Shopping for new tires isn’t as simple as it might seem. A few basic guidelines will help ensure that you’re getting the maximum performance, comfort and mileage possible out of what’s arguably the most important wear item you’ll replace on your car.
Skimping on replacement parts for your car is never a good idea, and there are few high-price items that offer as much return on investment as good tires. When your car left the factory, its four tires weren’t slapped on at random. They were selected by a team of engineers after they met certain performance criteria.
Tires don’t last forever, of course. Even if you haven’t worn down the tread by adding a lot of miles to your car over the years, the tires’ rubber naturally begins to degrade and can eventually become unsafe. Trust the opinion of your local tire shop — if it says it’s time to replace the tires, it’s time to shop for tires.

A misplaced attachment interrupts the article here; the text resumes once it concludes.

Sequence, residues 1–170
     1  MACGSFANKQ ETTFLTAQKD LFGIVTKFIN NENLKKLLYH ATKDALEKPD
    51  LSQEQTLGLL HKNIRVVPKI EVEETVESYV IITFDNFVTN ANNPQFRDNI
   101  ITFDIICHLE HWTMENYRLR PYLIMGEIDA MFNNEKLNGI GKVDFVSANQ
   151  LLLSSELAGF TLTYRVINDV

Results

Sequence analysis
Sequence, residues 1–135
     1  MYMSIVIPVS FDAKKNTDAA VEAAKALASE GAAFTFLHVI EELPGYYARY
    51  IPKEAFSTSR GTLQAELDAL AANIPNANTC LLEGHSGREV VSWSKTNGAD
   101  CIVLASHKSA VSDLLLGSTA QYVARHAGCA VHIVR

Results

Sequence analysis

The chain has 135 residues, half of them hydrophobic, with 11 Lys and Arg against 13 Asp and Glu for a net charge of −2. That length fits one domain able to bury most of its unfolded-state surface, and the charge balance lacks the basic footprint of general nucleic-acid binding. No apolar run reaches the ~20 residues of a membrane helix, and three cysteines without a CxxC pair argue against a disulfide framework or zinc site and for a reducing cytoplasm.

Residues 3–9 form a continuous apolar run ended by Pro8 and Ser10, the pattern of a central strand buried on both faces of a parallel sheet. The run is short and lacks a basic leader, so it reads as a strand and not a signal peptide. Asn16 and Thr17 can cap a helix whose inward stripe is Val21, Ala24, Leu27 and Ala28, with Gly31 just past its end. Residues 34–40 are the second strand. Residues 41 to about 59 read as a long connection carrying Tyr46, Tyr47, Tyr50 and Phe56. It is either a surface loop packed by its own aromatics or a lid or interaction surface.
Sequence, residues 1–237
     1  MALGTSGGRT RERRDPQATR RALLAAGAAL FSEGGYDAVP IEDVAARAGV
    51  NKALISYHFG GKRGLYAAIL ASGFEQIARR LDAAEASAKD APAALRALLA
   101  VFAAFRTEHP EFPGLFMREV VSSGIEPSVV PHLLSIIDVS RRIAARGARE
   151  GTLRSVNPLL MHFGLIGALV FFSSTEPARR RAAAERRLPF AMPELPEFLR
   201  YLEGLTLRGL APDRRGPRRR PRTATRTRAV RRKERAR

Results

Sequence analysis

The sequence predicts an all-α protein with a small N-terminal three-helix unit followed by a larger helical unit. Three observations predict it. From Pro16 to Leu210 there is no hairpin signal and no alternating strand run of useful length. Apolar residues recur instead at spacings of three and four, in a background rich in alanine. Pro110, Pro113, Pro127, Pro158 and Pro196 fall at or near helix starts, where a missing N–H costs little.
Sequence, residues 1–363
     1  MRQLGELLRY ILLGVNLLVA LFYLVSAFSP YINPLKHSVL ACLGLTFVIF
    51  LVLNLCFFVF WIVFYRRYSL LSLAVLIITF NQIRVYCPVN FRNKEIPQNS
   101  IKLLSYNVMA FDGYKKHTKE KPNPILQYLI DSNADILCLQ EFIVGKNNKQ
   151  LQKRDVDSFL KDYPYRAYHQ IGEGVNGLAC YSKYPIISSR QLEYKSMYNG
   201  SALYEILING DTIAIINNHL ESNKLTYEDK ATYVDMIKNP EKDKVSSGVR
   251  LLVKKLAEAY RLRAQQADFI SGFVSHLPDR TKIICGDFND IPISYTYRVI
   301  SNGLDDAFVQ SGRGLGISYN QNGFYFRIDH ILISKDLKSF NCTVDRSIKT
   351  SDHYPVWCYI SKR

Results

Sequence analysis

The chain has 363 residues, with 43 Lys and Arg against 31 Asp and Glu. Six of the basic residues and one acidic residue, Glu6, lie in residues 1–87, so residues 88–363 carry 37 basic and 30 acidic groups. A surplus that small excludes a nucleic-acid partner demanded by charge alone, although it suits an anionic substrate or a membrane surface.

Do You Really Need New Tires?
Maybe you’re wondering whether you actually need a new set of tires. After all, maybe you only drive your car a few thousand miles a year, and the tires look like they’re in good shape.
But if your tires are old, they’re probably due for replacement.
Look for cracks and check tread depth
First, give your tires a thorough visual inspection. If you see cracking on the sidewalls or the tread, it’s time to replace your tires.
Next, dig through your pockets or your change drawer for a penny. Flip Honest Abe upside down and put the penny between the tread blocks. If the top of Lincoln’s head is visible, it means you’re low on tread and should replace your tires soon.